I should be studying. I should always be studying. But I’m writing out thoughts while enjoying this lovely spring weather.

I’m at a weird point in my life. I recently found that my numerous joint troubles and other vague somatic complaints can be summed up in a single syndrome: Hypermobility Joint Syndrome. Basically, the connective tissue necessary to hold my joint in their sockets is almost non-existent and weak, and my muscles are then being joint holder-inners and muscles, so when they wear out… my joint dislocate. In addition to weak joints, people with HJS are always cold, always clumsy, and are at risk for a whole slew of scary things like chronic pain, early-onset arthritis, and mitral valve prolapse.

I’m not allowed to run anymore, which has unfortunately killed my dreams of racing Usain Bolt someday, and becoming the ultramarathon queen of America. Darn. But I can weight train to make my joints stronger, and then maybe I’ll be able to survive without handfuls of pain pills or a wheel chair.

I realize that there are significantly worse things that could happen to me, but it still sucks to know that at 20 years old, I have limitations that will never, never, ever go away. And I have to work harder than the average person to reach a level of functioning of an average person.

All right. I’m done feeling sorry for myself in that regards. At least it’s not cancer, yeah?

Recently, I reached the six month point of a terrible breakup, and it’s got me pretty down. I acknowledged that fact by reading a bunch of old letters, and it was heart-rending and I regretted it. I am daily haunted by by the guilt of how I dragged the break-up out by never giving him a straight answer. I just hope that the poor way I handled things never turns him off to the idea of love, because someday, someone will cherish him.

But as for me, I don’t attract men. Only women. And the occasional autistic man (he asked me out on a date. I said no. It was awkward), and everytime I think that maybe I’m liking the idea of dating again, I am held back by the thought that I may break someone’ heart again. My own sadness and disappointment and hurt I can handle… when I cause someone else’s, I just.. I just can’t. And since my future hopefully holds a several trips with Doctor’s Without Borders, I don’t think any kind of relationship would be a good idea. It would involve being away for nine months at a time with no leave, and I can’t bear to make someone wait for me again.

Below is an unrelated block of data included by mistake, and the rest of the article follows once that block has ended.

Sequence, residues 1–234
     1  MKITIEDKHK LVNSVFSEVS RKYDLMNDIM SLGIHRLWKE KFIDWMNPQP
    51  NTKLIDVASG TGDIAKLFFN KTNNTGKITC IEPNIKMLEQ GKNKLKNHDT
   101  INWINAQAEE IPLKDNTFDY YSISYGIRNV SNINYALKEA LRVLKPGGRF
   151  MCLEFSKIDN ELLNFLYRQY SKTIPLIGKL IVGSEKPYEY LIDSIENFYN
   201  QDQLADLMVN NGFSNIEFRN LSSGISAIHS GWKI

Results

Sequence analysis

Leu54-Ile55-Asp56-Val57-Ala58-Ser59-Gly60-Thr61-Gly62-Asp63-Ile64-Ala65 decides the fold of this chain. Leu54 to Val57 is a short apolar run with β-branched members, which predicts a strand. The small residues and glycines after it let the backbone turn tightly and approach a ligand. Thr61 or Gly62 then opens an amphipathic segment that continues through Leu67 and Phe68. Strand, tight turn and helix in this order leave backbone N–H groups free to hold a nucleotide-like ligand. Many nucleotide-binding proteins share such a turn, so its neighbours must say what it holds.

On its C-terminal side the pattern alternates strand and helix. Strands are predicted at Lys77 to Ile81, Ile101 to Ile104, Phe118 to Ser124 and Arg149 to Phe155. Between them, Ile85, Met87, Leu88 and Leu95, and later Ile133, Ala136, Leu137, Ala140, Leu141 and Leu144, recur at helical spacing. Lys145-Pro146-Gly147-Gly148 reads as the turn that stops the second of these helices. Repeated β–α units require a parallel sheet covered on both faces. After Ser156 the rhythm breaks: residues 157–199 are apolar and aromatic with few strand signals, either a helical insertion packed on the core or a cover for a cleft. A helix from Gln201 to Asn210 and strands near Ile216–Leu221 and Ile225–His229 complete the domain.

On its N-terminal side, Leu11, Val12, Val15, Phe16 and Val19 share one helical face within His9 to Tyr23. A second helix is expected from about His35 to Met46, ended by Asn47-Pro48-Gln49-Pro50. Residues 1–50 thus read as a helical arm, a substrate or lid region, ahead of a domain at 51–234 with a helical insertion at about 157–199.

Sometimes I hate my ex. I was not touchy and pleased to be that way, and he changed that. Now I find myself craving physical touch, and there is no where or one I can go to for it. I think that the Song of Solomon had it right when it said, “Do not arouse or awake love until it so desires”, because the lack of it in my life has left an achingly vacant hole that keeps me up at night. Granted, I don’t regret any of the time I spent with him. Our relationship was a beautiful, lovely thing that I look back on fondly, but I wish that my physical desires had been kept under wraps in order to spare me this awful need now…

I sure hope God knew what He was doing with that scenario, and I certainly hope He is making it better for Jonathan too.


3 responses to this post.

  1. Hey! I’ve got HMS too, and was also diagnosed in early-twenties. It’s a really sucky condition, because it kinda affects everything, but you’re right – it’s not deadly. That’s what I keep telling myself (although sometimes it’s useful to whine about how crap chillblains are and how evil physiotherapists are for making us do daft exercises!) There’s an awesome book by a lady called Isobel Knight, if you’d like to read more.
    Hope your life settles down a bit, and take care!


    • Hey, thanks! Sometimes, the best thing to know is that I’m not the only one, you know? What is the book about?


      • It’s a book about how to live with HMS, what causes it and how other people feel about it. The woman who writes it has HMS or EDS herself, so she knows how sucky it feels. I found it useful because it made me feel a bit more normal, because when I was first diagnosed it felt a bit like my body was broken and betraying me, which is a really isolating feeling. Isobel puts it across in such a way that you sit there going “Oh my god, that’s how I feel every morning!!!” It’s got a mix of practical ideas, therapy ideas and just good old fashioned anecdotes where bendy folk like us do something and the rest of the world react with sheer horror or amazement. I made my GP flinch away by hyper-extending my fingertip joints! (That’s the least gross “trick” that I can do!)
        Also, I don’t know where you’re based, but the HMSA schedule meetings in the UK for bendy folk, and there’s a lot of international members on the forums too. That way you’ll never be alone! (Also, there’s support groups on Facebook.)

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